1. Smitty91
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    Smitty91 Member

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    Screams of Silence, Cries Unheard: The Story of Rita Landow

    Discussion in 'General Writing' started by Smitty91, Aug 11, 2013.

    I am really struggling with this novel that I am trying to write. "Screams of Silence, Cries Unheard: The Story of Rita Landow" tells the story of Rita Landow, a young red fox struggling to overcome her painful childhood and make a better life for herself. Growing up, Rita was continuously sexually molested by her father, from the time she was three to the time she was eighteen. At eighteen years of age, she decides that she's finally had enough and kills her father via knocking him out, tying him to the bed, and setting the house on fire. She moves to Toronto and moves in with her brother who is currently going to university and has a boyfriend. While in Toronto, she tries to get a job, pursue an education, find a mate to spend the rest of her life with, and overcome the many issues that she struggles with on a daily basis (anger issues, binge eating disorder, nightmares, etc).

    I have attempted to write this novel at least twice, but haven't gotten further than a couple of chapters. I have done research on sexual abuse, such as the signs and effects of it, but my research doesn't seem to be helping. Someone suggested that I read novels that tackled this same exact subject, but due to the fact that I live out in the middle of nowhere and am visually disabled, it's nearly impossible for me to go into town and buy any books on the subject. My best bet to read these books online, but I can only find them on Amazon, and even then I only get the first couple of pages of the novel. Besides that, I don't think anyone would read this novel anyway due to the fact that this story has been done to death. Regardless, this type of subject is still important and peoples' stories struggling with this horrid everyday occurrence need to be told. If anyone would like to give advice or become a co-author with me on the story, please feel free to give me your email or Skype account and we can collaborate that way. Thanks to anyone who can help me in any way with this novel. I think this story is one of those where you have to experience it in order to write it properly, but I could be wrong.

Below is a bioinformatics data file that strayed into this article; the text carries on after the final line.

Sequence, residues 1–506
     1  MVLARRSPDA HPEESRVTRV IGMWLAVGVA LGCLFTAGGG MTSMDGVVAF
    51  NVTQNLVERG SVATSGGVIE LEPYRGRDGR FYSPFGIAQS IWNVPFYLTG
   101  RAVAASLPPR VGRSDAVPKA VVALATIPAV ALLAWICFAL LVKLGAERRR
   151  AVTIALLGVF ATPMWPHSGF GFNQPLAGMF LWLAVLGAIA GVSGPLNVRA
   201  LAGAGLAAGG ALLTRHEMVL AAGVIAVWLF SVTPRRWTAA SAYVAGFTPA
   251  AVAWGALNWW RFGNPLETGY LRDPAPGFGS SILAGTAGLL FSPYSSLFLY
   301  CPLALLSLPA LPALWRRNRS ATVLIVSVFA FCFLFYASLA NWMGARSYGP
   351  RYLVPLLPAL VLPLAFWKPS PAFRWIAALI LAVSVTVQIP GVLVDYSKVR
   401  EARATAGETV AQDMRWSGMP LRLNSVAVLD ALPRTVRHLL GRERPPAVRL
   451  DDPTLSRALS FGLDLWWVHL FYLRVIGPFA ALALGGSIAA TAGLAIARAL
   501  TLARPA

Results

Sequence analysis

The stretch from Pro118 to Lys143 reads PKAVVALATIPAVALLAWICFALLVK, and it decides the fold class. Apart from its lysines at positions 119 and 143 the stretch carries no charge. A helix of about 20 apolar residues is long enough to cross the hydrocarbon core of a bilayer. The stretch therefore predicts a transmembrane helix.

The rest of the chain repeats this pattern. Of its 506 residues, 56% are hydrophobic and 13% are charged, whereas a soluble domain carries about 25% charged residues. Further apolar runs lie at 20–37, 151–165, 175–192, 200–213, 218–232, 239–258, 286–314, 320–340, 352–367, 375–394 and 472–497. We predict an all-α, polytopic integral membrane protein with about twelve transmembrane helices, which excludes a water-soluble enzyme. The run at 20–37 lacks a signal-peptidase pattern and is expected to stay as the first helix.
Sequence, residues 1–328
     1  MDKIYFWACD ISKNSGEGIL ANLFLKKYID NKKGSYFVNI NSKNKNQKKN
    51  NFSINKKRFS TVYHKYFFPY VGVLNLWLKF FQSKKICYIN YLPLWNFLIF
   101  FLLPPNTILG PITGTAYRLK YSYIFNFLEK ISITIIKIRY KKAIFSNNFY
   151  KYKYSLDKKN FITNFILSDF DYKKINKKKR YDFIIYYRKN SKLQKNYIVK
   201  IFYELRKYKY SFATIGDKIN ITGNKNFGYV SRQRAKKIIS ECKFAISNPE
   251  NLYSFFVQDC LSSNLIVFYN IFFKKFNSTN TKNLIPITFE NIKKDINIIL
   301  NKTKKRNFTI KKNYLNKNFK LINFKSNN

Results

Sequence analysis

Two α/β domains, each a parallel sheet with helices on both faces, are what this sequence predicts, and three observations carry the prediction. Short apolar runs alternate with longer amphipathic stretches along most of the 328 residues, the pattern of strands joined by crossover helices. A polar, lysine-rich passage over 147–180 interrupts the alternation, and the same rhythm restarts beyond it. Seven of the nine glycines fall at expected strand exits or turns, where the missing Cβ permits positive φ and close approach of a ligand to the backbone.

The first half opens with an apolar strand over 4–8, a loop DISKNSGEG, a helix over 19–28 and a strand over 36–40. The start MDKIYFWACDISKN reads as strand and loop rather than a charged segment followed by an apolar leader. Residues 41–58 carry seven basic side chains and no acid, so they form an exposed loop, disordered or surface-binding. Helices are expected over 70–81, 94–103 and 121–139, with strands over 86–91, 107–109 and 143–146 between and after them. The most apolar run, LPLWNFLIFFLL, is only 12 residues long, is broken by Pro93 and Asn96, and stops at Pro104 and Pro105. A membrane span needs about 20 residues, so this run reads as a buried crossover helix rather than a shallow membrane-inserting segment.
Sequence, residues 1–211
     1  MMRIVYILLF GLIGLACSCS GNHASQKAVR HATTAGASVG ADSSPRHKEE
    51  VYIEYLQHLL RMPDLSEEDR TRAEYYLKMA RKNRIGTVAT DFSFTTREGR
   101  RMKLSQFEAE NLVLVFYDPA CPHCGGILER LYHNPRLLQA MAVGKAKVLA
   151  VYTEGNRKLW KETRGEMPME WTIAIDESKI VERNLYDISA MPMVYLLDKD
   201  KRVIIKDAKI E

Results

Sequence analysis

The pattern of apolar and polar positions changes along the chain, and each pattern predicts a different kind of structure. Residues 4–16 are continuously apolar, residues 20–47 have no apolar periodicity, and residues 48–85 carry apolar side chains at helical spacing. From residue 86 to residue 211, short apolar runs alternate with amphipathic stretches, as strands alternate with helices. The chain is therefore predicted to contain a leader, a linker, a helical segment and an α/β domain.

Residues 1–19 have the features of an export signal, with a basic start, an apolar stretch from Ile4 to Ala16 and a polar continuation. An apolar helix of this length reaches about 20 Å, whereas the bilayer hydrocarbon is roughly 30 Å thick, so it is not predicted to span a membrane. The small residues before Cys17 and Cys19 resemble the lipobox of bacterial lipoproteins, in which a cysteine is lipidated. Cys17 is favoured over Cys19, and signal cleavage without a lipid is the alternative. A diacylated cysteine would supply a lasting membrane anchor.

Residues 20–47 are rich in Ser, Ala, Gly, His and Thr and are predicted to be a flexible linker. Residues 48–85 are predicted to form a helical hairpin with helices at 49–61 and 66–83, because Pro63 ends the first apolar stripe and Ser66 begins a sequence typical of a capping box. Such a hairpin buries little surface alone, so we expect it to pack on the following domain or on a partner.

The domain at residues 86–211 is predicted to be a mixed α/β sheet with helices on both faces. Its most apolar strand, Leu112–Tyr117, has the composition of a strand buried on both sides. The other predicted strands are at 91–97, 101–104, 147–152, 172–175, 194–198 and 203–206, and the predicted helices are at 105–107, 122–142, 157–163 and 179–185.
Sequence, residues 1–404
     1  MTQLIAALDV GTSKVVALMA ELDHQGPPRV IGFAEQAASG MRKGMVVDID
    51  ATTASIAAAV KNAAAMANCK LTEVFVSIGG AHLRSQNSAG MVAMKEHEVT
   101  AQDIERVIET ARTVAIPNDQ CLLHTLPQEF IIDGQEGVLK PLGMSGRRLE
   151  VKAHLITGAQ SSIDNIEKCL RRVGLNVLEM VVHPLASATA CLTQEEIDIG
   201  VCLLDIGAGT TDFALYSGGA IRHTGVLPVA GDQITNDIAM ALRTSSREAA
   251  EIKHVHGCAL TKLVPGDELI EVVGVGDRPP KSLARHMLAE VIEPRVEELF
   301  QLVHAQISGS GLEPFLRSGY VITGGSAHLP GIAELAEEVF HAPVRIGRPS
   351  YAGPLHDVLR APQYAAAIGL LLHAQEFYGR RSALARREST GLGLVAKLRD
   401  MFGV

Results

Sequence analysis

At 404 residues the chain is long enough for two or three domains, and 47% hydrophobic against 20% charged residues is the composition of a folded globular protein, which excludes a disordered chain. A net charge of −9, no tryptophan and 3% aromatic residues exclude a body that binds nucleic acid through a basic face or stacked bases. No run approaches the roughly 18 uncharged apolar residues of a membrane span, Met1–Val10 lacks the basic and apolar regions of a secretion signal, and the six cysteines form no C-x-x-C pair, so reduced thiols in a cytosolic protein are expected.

2. Thomas Kitchen
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    Thomas Kitchen Proofreader in the Making Contributor

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    It might be worth talking to an actual expert on the matter - psychologist, police officers dealing with these sort of things, etc. That way, you can ask questions if you're unsure and know that the answers are from a reliable source.

    As for writing the actual thing, be aware that you may not have to know much about the subject, anyway; you should probably start with her burning down the house, and then tell us about her father through dialogue, inner thoughts, and possibly flashbacks. You mention too that this story has been done to death, but this is a fact: every story has been done to death. It's how you write it that matters. You obviously want to write it because you think it has a message, and you've tried writing it before. Why then can you not bring something new to the table through your book? Write it, love it, enjoy it.